Alan knew that the laisse faire attitude we had could not continue after the transfer and so reluctantly we had to let him wander off to pastures new. Whenever I watch Black Books I remember how all Alan wanted to do was run his own book shop. I hope that's what he is doing right now!                  !



Klaus was the landscape architect that Lambeth sent us. The original plans for the estate were entitled SPL 1 FF. When questioned why some of the paint colours were the strangest clashing shades Klaus shrugged and said "Sunday...magic mushrooms". He was a perfect fit for the area and his testament is the walk through the estate to Brixton via the pond and the gardens at Chute House. Klaus put all this into place. He was right!



Paul was our architect from Lambeth. He was a northerner and had nothing but contempt for "soft, southern, shandy drinking, bed wetting b*****ds". Never without a cigarette in his hand Paul went public when he had his vasectomy, arriving at playgroup the very next day in a nutty pair of blue striped pajamas announcing that all of his trousers were "unzippable! What dedication to the cause! Not even a day off! His plans were to prove him right too!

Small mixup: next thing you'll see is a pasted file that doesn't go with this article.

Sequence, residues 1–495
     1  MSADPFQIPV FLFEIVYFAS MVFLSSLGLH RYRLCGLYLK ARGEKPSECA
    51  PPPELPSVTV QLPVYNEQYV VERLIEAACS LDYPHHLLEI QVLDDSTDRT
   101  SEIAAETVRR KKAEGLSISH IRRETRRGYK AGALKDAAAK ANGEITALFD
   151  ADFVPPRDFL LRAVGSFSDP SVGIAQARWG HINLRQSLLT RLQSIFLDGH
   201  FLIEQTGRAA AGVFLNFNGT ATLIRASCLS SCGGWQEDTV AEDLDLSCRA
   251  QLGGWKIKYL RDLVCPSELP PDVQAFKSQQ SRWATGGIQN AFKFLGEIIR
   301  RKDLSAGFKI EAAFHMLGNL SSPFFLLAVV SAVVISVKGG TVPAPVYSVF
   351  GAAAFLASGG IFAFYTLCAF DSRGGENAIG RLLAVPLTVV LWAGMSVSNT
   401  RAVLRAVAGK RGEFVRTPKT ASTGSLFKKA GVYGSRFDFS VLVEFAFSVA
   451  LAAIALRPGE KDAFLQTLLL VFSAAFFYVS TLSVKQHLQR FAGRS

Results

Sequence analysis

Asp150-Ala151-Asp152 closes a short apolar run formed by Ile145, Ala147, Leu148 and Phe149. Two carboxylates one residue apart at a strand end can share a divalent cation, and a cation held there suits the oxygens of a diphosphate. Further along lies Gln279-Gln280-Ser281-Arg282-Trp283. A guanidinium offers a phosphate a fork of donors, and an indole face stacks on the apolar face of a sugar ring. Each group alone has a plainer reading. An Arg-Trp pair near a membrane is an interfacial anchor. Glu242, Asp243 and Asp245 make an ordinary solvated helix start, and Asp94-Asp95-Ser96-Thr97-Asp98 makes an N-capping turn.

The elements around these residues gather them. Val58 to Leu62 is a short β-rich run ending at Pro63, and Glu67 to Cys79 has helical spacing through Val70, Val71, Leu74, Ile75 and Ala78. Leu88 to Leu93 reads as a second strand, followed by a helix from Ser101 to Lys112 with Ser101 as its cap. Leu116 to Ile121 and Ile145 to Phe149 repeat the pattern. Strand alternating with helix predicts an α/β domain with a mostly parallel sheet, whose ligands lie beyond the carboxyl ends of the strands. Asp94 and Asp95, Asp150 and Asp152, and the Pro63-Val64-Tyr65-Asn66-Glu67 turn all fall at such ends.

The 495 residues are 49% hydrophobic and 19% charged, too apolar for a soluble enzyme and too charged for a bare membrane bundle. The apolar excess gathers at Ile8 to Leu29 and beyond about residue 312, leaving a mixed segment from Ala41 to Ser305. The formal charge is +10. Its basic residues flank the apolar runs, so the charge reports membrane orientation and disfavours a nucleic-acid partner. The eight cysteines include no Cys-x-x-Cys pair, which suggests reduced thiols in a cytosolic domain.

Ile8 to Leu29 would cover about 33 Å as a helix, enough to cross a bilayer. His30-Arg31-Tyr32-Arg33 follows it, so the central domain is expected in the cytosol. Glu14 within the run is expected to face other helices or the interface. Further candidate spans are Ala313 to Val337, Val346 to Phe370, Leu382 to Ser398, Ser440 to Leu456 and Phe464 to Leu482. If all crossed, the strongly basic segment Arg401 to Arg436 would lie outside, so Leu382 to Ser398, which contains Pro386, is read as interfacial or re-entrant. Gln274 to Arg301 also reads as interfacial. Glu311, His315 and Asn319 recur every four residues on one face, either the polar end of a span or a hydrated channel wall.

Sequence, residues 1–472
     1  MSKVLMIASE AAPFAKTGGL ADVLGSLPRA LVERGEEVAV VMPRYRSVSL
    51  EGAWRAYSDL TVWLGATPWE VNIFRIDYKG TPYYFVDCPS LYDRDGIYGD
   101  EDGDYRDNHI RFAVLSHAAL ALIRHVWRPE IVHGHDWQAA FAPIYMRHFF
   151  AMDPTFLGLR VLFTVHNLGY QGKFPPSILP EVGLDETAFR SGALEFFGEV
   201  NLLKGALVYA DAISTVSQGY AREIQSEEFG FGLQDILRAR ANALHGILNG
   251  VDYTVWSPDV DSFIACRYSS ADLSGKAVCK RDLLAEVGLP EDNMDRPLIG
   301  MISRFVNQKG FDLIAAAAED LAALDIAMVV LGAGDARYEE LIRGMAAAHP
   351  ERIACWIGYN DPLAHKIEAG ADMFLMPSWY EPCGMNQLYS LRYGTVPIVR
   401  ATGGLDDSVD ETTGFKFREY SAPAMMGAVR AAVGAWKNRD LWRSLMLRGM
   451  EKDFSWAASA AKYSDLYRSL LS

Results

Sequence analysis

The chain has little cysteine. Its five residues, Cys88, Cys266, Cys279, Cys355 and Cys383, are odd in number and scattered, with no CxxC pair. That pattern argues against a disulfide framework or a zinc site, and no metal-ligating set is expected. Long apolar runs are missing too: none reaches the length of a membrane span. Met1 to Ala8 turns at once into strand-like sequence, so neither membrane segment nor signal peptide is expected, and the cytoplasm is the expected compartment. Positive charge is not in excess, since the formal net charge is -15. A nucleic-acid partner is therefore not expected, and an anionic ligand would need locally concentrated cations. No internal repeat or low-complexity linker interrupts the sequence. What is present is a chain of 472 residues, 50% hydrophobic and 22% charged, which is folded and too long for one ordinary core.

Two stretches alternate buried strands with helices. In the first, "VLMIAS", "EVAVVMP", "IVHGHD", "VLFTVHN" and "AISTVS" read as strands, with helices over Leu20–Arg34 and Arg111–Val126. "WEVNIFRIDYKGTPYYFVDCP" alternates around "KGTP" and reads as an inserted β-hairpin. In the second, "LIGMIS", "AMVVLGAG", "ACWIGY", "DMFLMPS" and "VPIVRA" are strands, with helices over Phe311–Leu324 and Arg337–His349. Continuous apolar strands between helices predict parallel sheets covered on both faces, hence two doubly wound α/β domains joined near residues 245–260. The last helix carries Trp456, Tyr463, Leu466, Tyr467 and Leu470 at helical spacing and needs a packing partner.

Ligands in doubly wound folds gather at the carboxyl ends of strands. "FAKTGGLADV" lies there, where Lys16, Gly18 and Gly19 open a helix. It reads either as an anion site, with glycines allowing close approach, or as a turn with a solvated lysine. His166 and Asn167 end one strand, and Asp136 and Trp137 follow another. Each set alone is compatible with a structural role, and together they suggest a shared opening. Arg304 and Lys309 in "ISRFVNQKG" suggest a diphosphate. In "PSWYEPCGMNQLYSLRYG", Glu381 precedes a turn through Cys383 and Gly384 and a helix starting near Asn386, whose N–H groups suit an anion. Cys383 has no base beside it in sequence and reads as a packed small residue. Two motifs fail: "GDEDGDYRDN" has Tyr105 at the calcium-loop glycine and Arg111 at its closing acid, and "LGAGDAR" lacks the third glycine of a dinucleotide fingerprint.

MARTIN was our development officer from Lambeth. This project was taking so long lots of us had children. Martin was one of them - we got to know our officers well. His mission was the unenviable job of telling us that there was not enough money to do what we wanted. He was also on our side. On most subjects (apart from not getting a bigger bathroom in Chute House as the others had!) we could reach agreement through negotiation (arguing), debate (lots of yelling) and capitulation - almost as if it were real life.

Martin (for his sins) is now a trustee of the Community Trust. Most useful when you have a refurbishment on its way.